Have you ever heard the phrase, “Love the sinner, hate the sin”? This phrase is so often used that I think it has become trite, a copout of sorts instead of really challenging ourselves to be true Christian witnesses. In a world where some sins are more visible than others, we must be careful with our judgment and pray for humility to speak love to those around us.
While it is true that we are to love “the sinner” and hate all sin, the judgment that is often cast in calling someone a sinner negates the love that we are called to witness. We need to truly examine what it means in an active way to love the sinner.
St. Thomas Aquinas defines love as to will the good of the other. To truly love someone means we will the good for them, not for us. I do not want you to be holy because it will somehow better me or make me feel better for “helping” you, but rather because I believe so fully in the joy that comes from being in a relationship with Jesus Christ that my desire to love you stems from wanting that for you.
We all sin and fall short of the glory of God, every single one of us, whether we show up to church once a week, every day or not at all. We all have sin that breaks or clouds our relationship with Jesus. He sees it. We know it, and yet, like so many biblical parables, we easily cast judgment on others and fail to notice our own shortcomings.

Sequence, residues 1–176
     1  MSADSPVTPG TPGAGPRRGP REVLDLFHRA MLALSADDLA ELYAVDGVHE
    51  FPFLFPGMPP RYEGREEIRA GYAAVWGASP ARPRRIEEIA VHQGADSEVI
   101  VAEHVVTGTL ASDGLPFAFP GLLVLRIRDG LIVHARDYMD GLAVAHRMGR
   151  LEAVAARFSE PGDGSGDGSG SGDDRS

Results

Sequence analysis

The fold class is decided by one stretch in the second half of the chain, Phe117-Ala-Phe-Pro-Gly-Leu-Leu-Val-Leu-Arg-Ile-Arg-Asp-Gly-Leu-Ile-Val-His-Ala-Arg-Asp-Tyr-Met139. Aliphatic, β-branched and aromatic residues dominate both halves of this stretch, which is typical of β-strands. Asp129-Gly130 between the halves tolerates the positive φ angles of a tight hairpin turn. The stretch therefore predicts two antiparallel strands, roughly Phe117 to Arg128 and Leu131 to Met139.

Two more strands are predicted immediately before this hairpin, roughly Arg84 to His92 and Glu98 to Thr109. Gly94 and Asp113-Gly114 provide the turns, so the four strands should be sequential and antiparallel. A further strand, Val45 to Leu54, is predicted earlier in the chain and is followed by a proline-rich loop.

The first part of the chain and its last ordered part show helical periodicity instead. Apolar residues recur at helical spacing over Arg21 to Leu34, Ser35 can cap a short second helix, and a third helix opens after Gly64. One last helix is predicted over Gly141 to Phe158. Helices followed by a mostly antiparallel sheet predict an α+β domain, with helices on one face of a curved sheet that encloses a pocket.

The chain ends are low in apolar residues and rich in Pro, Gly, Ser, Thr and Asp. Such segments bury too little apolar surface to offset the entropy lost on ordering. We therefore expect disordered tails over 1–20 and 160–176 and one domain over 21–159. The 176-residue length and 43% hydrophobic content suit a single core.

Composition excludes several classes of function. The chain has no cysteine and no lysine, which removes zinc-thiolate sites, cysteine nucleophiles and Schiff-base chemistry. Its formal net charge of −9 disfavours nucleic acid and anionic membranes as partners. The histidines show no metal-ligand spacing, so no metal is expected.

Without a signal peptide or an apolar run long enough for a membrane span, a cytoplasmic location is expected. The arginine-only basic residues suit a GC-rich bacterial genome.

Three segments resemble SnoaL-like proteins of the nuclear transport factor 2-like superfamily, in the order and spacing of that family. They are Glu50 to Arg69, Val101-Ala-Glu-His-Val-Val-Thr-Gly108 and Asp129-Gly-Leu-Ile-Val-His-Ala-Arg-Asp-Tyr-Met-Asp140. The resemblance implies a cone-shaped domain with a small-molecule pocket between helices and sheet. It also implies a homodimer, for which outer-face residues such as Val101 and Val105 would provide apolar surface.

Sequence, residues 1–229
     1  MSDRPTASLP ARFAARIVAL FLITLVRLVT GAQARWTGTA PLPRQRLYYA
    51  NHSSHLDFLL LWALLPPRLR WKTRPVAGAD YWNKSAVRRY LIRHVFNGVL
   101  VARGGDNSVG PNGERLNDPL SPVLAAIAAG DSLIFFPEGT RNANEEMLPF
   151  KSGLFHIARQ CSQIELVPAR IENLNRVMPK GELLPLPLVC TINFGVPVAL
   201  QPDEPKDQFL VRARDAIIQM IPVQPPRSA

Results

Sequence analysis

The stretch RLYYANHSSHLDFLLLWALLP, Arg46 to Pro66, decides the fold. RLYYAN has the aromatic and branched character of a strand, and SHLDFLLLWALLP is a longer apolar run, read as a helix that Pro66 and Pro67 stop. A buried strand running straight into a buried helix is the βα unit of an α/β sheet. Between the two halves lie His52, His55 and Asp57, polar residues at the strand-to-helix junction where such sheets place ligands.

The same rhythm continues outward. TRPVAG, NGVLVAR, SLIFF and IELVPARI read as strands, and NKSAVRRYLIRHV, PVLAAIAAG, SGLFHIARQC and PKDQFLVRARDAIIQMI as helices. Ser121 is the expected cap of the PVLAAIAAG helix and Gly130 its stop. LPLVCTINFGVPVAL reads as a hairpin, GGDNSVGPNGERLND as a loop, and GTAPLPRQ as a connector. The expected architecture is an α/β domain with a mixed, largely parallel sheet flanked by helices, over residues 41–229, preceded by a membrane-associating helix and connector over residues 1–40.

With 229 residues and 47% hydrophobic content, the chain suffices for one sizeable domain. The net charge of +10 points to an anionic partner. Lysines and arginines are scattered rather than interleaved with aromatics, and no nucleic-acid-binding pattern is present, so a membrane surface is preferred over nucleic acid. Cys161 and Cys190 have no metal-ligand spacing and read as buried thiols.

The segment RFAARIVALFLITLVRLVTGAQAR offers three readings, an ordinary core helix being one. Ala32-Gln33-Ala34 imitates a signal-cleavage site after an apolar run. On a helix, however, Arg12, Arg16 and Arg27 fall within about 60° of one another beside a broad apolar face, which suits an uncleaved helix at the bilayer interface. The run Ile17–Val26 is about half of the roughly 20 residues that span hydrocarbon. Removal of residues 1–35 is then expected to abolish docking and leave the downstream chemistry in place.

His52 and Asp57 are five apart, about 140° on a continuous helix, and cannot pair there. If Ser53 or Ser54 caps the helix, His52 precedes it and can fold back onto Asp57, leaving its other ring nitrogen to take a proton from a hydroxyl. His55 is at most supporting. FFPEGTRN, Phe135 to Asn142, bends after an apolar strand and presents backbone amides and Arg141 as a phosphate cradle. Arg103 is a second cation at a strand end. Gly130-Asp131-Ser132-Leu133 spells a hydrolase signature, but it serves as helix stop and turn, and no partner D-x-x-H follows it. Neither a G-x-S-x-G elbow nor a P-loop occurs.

Multiple places in Scripture we are reminded of the dangers of pointing out someone else’s sins before we deal with our own, and we do all have sins. Those sins are known intimately between ourselves and God and block us from knowing Him fully. We must continually work toward clearing that barrier.
My dearest of friends are the ones who love me enough to call me out on my sin. They know the intense freedom and joy that come from being in a relationship with Jesus, and they can’t help but want me to live in that truth. The way they love this sinner simply pours out of them.
I desire this gift so much, this boldness of speech and to love like this. I think often of how easy it is for me to speak of the love I have for my husband. How dearly he loves me. How servant-hearted, how generous, how he makes me laugh. The kind of love that makes me shake my head in wonder. This is the way I want my face to light up when I am actively loving “the sinner.”
To “love the sinner” means that the truth that we share must be given with love. The truth must be shared. We do have that responsibility. Just like the Apostles, we need to have courage to speak boldly, without fear of being mocked or judged but rather staying in close conversation with the Lord, asking Him for the words to use us as vessels to share His love. These vessels we seek to become need to have open hearts, humble roots and a true desire for the good of the other. From there, the conversation can flow freely.
Rather than labeling people and alienating them while we self-righteously place ourselves upon a pedestal, let our love be deep and abiding, be honest and giving. We are called to be truth speakers, bearers of joy. We must live our life in such a way that others can’t help but ask what it is we have that bears such light. It is from there that authentic love can flow.
This article first appeared at The Catholic Times.
Image licensed through Adobe stock.